If you experience problems viewing the videos please download the most recent free Quicktime reader program.
ASF Deploys Sonic Receivers in Strait of Belle Isle - Labrador Researchers from the ATLANTIC SALMON FEDERATION deploy a set of 22 sonic receivers across the 11 mile wide Strait of Belle Isle that separates Labrador and Newfoundland. Atlantic salmon with sonic transmitters leave rivers like the Miramichi, Restigouche, Cascapedia, etc. and travel through this strait on their way to feeding grounds off Labrador and near Greenland. ASF has been a pioneer in unravelling the deep mysteries of Atlantic salmon moving thousands of kilometres at sea. It is giving insights into reasons for increased at-sea mortality in the past 20 years.
Approaching a Smolt Wheel on the Riviere St-Jean (North Shore) ASF has been a pioneer in using smolt wheels to capture smolt on their swim down towards the ocean. They are measured, and most are released to continue their migration towards far ocean feeding grounds. Some smolt have sonic transmitters inserted, and are later found in receiver arrays in places like the Strait of Belle Isle.
Tracking Smolts down the Miramichi - 2005 ASF has been a pioneer in tracking Atlantic salmon with sonic transmitters inserted in smolt and adults. This video is a time-lapse representation of the movement of smolt down to the Gulf of St. Lawrence from Rocky Brook, a tributary of the Miramichi.
Smolt in a Smolt Wheel Underwater in a smolt wheel live tank - Atlantic salmon migrating downstream are captured, examined, weighed, and released by ASF Research staff, to complete their migration to the sea. This is generally in May.
Newfoundland Smolt Preparing To Continue Migration - 2007 Smolt with transmitters inserted are recovering in an aerated tank before continuing their migration out to sea. These smolt were found in Western Arm Brook, on Newfoundland's Great Northern Peninsula and not far from St. Barbe. ASF researchers completed this research along with deploying 22 sonic receivers across the Strait of Belle Isle between Newfoundland and Labrador in June 2007.
Dunk River Dam Collapses - A salmon catastrophe
Swimming Atlantic Salmon This video segment by Gilbert van Ryckevorsel shows Atlantic salmon keeping position in the current as they prepare to migrate further upstream towards spawning areas.
Atlantic Salmon Leaping at Humber Falls Atlantic salmon can leap waterfalls 3.5 metres/11 feet high. Humber Falls in western Newfoundland is one of the best accessible locations to see them jumping on their migration upstream to spawning areas.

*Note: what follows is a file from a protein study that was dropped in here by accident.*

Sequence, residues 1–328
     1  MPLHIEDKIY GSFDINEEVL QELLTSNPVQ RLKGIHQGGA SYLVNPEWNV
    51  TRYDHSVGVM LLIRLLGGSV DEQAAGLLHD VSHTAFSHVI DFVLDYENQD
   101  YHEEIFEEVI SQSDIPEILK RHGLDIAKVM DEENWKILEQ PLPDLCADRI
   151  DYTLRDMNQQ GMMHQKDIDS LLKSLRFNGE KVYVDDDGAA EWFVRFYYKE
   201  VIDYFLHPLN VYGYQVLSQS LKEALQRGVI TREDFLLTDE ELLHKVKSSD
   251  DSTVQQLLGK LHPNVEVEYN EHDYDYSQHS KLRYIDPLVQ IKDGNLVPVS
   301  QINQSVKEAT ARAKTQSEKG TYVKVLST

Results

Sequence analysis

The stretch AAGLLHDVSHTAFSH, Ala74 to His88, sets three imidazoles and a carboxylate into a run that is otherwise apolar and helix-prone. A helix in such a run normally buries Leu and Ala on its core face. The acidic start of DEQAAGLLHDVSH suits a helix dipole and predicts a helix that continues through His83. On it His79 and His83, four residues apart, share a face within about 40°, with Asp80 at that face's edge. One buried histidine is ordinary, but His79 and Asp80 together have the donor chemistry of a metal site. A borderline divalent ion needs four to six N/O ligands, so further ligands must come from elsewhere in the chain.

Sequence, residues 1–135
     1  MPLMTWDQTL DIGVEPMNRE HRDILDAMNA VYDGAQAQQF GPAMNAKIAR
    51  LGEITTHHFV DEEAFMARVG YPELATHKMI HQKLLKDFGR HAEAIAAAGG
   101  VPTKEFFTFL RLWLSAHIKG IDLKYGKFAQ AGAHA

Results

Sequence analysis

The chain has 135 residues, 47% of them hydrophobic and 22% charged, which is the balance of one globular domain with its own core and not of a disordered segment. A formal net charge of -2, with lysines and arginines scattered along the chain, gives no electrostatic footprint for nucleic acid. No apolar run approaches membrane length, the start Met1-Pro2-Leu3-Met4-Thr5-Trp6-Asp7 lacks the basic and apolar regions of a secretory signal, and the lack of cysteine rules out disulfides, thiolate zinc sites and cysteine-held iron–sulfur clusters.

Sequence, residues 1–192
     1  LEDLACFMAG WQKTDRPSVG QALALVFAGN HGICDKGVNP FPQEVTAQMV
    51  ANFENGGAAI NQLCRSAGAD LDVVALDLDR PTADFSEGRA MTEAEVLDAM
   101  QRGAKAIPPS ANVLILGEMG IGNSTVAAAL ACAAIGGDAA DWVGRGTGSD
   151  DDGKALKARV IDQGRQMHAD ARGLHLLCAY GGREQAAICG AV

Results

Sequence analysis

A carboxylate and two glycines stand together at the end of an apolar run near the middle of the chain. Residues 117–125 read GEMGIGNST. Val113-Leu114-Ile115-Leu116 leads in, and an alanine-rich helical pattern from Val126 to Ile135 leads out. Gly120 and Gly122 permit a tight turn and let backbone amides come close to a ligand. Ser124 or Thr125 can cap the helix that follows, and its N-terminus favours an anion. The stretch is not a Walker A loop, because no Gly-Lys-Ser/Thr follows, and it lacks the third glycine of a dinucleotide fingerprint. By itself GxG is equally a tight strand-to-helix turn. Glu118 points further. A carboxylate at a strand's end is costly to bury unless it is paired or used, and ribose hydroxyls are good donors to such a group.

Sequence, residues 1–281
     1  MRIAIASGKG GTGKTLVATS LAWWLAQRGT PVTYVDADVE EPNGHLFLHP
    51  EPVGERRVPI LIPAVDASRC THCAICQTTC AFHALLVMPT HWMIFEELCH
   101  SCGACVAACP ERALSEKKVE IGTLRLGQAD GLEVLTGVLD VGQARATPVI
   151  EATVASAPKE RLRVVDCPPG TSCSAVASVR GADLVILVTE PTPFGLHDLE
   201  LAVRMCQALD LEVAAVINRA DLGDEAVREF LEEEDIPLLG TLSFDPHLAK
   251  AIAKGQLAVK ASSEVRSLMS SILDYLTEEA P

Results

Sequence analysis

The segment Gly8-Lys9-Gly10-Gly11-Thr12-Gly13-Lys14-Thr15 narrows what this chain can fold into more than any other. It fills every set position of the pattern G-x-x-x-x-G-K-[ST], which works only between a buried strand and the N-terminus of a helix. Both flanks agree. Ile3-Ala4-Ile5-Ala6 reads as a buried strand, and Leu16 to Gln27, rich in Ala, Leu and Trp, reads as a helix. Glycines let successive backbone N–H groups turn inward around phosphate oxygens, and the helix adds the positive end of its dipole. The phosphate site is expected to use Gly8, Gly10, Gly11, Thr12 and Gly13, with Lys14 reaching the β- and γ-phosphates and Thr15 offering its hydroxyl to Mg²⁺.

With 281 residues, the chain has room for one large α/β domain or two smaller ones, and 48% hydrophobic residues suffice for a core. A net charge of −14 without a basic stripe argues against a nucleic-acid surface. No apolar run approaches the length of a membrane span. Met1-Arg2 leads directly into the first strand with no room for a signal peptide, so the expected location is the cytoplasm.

Atlantic Salmon Digging Redd Manu Esteve is a researcher who has made videos of many species of salmon - but started with Atlantic salmon. In this case the Atlantic salmon give some indication of the force they use when moving large pieces of stone to make a nest.
Atlantic Salmon Smolt Release These smolts will swim downstream and out to sea, following their migration imperative to find their way to feeding grounds far from this river.
Didymosphenia - potentially harmful "Rock Snot" on the Matapedia In autumn 2006 ASF researchers discovered another risk for salmon rivers - the diatom Didymosphenia that creates a thick oxygen-reducing mat on the floors of streams. There is still no evidence whether or not it jeopardizes the nests and later growth of juvenile Atlantic salmon in the river, and by 2009 there is a more "wait-and-see" monitoring approach towards Didymo
Releasing Atlantic Salmon on Magaguadavic River, New Brunswick, Canada ASF fisheries technician Mike Best releases an adult wild Atlantic salmon to continue its upstream migration on the Magaguadavic. The salmon has been examined, a scale sample taken, and the health of the animal assessed. ASF staff are very careful to cause no harm to the animals
State-of-the-art Live Trawl for Post-Smolts at Sea ASF, together with Fisheries and Oceans Canada, developed a 'live-trap' trawl that was used to capture, assess and then release more than 120 post-smolt Atlantic salmon at sea near the southern edge of the Bay of Fundy. It was noteworthy that these post-smolts had few sea lice parasitizing them.
Join the St. Croix River Alewife Migration June 8th, 2012
On Saturday, June 9, groups and individuals concerned about the future survival of native alewives (gaspereau) on the St. Croix River will symbolically escort this historically and ecologically important fish up the river.